Newly crowned 2018 MotoGP World Champion has predicted Factory Suzuki Ecstar rider Andrea Iannone as the man to beat in tomorrows Australian Grand Prix at Phillip Island.
Despite qualifying in pole position with a 1:29.199, 0.513 seconds clear and one row ahead of Andrea Iannone, who topped the combined free practice times, Marquez said that the Italian is the man to beat come race day.
“For some reason, all Honda’s struggling at the start here,” said the 25-year-old.
“But then step-by-step we did a really good job with the team, with all Japanese stuff and step-by-step we improve our feeling and now looks like I am equal on race pace with all the others, apart from Iannone who is faster than everybody.
“But tomorrow in the race we will see, it will be interesting to check and to find the best rear tyre. Apart from that, here in Phillip Island normally, it’s quite a long, difficult race.
“You need to control the temperature of the tyres, especially the front one and we will try to manage in a good way and fight for the podium.”
The qualifying session had rain scares throughout, and whilst the rain was never really serious enough to force riders to change onto wet tyres, the drops on Marquez’ visor did give the Spaniard slight pause for thought.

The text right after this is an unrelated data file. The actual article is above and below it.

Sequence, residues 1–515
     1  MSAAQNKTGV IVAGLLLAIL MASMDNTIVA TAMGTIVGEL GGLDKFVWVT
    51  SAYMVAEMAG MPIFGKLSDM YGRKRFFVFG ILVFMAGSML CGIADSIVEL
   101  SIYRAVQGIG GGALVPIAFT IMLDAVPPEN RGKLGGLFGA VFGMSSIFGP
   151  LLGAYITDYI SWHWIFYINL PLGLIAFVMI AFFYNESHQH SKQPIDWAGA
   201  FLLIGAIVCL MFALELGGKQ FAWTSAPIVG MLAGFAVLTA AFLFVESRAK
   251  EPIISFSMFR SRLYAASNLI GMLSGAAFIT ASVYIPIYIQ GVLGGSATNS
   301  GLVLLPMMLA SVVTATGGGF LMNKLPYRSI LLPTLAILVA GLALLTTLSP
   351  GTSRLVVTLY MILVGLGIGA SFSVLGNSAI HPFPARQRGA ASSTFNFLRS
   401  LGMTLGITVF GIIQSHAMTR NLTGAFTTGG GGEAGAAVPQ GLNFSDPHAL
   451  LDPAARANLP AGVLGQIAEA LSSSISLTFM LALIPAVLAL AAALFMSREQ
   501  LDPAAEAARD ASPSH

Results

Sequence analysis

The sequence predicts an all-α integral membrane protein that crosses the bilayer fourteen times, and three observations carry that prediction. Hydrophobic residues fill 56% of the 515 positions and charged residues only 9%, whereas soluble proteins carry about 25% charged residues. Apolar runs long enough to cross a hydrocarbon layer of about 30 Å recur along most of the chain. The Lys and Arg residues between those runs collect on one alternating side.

“It was so difficult to understand the way to push with the bike,” he said.
“Here we are riding over 200kph nearly the whole lap, so its scary when you see some drops on your visor.
“But I tried to find a good lap on the first run, and then I see that a 29.1 was already a really fast lap. On the second tyre, I felt not so bad out of the box, but then I see another small drop, it was raining a little bit. So I said I will not take the risk. We will see if somebody improves, they improve.
“Tomorrow is the race and next week we have another one and during this weekend we’ve seen many, many crashes and here it’s easy to get injured.”
This weekend has seen many riders say they would like to have the race time either moved earlier, or ideally have the race at a different time of year, with the event always in early spring in Australia.
Marquez said the race time change would help but doesn’t think it would make that much of a difference in the grand scheme of things, and that the safety commission focused on other things that need changing.
“It would maybe better on the race time, but the amount of crashes I think would be very similar,” said Marquez.
“The thing is, here we are riding very fast, it’s cold and then everything becomes more stiff. All the tyres and all the reactions of the bikes are more aggressive, so for that reason we have a lot of crashes.
“We can change the time schedule, just advance one hour, maybe improve a little bit but not change our life.
“We speak about this but also other safety issues on this track that is more important to push. For example move the natural grass in some areas.”